• CommentTimeNov 7th 2019
    Posted By: GreenPaddyJuly gives approx 30 times what January gives (over the month)

    Not quite ten times here.

    I have 4 kWp south-facing in Suffolk, which generates about 3.9 MWh/a. Not quite enough to match our 4.5 MWh demand (5.3 MWh last year). No gas or other combustion here of course; everything is electric.

    Multiplying generation by ten would be OK except in Dec and sometimes Jan each year. But I'd need fifteen times (i.e. 60 kWp) to cover every month, assuming I've already seen the worst case in my records, which I doubt in fact. The reality is I've probably got enough roof space to double my existing installation if I wanted.

    These kinds of sums remind me of the time when I considered insulating a milk tanker to heat my house over the winter. I figured 20,000 litres could store enough hot water to keep us warm through winter but eventually built the house with a 250 L store that's enough for two or three days DHW.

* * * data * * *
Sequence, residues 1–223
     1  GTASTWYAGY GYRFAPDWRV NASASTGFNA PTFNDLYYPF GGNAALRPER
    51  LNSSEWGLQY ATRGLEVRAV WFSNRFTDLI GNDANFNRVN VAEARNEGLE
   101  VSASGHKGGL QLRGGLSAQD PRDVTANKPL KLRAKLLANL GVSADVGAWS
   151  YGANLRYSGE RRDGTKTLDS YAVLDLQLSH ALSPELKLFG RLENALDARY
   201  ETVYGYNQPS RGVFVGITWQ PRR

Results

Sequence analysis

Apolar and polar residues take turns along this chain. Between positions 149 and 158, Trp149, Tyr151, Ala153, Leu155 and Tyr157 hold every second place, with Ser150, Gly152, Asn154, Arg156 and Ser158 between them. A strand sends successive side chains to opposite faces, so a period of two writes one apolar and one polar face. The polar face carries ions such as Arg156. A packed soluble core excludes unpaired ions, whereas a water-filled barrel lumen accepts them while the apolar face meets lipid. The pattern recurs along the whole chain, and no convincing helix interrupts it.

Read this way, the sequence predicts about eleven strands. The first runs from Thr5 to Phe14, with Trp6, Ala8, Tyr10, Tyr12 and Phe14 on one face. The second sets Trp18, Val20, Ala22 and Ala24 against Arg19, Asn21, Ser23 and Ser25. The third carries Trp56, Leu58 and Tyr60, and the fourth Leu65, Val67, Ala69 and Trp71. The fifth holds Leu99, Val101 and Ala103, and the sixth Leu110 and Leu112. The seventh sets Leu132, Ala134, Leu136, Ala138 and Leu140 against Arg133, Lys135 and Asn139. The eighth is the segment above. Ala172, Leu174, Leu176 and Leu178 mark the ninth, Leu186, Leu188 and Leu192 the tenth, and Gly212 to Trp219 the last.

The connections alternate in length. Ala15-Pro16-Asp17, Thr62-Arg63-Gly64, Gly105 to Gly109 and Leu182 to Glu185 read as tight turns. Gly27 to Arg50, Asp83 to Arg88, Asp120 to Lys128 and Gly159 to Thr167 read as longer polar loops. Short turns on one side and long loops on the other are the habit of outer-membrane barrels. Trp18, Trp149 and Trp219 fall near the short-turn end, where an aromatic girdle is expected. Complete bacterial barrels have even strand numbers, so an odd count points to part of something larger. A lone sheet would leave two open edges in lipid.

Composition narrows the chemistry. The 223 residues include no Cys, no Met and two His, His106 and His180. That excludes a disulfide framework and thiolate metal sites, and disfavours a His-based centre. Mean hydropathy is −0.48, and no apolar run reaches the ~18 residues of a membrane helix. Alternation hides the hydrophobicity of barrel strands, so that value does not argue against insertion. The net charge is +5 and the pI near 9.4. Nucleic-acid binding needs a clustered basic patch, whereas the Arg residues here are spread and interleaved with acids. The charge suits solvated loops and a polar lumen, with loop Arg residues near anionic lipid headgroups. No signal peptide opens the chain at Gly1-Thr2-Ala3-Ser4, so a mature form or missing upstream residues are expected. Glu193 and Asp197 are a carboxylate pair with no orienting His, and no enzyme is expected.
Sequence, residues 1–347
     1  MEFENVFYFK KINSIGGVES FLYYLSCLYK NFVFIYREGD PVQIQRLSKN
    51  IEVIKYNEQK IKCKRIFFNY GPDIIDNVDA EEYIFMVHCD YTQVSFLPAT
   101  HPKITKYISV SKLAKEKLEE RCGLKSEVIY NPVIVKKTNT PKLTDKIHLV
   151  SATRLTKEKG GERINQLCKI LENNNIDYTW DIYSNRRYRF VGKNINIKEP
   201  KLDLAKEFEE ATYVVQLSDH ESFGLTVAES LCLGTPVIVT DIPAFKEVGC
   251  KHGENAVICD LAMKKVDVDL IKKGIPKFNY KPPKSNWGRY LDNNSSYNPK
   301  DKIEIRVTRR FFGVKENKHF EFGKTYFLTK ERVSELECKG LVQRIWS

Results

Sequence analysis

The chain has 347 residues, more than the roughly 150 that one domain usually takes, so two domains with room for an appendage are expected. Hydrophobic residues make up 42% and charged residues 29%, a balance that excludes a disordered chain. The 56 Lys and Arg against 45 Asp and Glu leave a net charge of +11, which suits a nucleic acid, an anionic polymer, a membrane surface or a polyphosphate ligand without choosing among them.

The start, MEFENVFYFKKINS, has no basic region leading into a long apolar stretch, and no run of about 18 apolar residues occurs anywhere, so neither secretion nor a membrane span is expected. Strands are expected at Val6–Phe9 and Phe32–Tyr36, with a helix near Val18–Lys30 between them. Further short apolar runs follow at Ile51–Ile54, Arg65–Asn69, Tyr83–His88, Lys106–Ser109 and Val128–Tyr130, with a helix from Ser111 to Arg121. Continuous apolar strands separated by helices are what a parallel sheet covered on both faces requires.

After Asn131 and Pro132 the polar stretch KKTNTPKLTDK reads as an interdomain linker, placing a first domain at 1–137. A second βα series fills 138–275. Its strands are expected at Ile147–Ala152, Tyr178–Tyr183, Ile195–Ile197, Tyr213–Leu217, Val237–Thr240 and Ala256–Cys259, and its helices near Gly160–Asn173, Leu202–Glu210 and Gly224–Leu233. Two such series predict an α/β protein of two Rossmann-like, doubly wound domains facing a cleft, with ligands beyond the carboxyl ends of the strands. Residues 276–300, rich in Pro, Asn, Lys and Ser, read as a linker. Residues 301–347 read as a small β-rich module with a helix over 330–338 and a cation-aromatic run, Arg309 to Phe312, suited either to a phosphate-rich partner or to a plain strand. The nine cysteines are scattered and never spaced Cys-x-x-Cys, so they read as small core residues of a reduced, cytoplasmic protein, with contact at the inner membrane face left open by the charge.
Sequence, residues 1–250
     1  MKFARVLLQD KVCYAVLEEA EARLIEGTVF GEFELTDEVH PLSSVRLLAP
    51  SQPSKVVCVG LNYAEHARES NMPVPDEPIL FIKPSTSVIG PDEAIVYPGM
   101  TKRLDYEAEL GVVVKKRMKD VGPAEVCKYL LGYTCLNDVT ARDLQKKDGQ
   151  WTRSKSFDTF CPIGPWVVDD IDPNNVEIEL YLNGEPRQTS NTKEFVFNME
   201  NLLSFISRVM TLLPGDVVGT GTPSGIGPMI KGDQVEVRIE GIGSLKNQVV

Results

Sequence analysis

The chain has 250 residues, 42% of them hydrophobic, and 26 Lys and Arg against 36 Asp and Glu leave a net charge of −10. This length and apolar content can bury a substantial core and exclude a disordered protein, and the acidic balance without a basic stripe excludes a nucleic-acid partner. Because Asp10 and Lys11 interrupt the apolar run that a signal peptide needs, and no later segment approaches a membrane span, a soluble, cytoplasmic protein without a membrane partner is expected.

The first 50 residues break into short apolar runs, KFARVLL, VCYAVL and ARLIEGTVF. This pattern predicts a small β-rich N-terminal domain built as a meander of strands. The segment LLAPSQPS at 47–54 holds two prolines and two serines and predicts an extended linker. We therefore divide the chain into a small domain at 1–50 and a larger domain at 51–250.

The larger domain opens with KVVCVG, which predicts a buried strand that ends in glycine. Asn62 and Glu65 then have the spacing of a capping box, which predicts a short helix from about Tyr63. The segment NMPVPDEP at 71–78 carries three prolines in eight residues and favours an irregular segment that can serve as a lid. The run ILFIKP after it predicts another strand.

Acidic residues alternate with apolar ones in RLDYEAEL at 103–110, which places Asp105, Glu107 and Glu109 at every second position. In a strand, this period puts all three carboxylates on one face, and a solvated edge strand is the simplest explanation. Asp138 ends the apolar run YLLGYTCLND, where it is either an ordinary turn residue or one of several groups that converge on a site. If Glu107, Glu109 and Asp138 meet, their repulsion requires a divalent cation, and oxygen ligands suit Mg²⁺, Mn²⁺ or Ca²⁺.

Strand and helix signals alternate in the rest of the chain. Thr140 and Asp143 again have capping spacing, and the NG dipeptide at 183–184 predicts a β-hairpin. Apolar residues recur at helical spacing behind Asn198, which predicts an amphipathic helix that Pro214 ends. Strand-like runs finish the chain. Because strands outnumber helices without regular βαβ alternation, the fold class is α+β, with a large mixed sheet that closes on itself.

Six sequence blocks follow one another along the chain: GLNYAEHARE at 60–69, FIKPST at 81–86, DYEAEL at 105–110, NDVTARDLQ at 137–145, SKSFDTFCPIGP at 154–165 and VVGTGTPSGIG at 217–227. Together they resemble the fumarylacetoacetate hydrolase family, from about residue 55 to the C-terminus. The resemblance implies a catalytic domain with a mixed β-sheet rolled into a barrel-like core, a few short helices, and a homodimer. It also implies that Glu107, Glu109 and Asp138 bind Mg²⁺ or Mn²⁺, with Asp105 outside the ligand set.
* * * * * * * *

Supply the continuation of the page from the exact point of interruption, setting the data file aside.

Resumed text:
I don't see any point in overbuilding individual installations unless/until we've built enough to match 100% of demand in the first place. It doesn't make sense to add capacity that can't be sent to the grid (except for personal use in off-grid situations).
    • CommentAuthorRobinB
    • CommentTime1 day ago edited
    Here's an ignorant question from me but who decides business rates? Central government or local councils?

    There are plans for a new business park in my area, large south facing slope with road and river to south so unlikely to be shaded by future building. I'd love to push the council to insist all the roofs are PV, but don't really know how to set about it.

    All warehouse sheds and supermarkets should have PV roofs, and a clear incentive to do so. I've made my house uglier with PV.
    • CommentTime17 hours ago
    @djh anyone who puts in domestic solar thermal is effectively putting in significant overbuild for summer which they definitely can't export.


    RobinB, think you hit the nail on the head there.

    Business rates: the rules are set by central government, the local authority administers them

    Planning applications: the rules are set by central government, the local authority makes only the bits of policy that depend on local geography, and administers it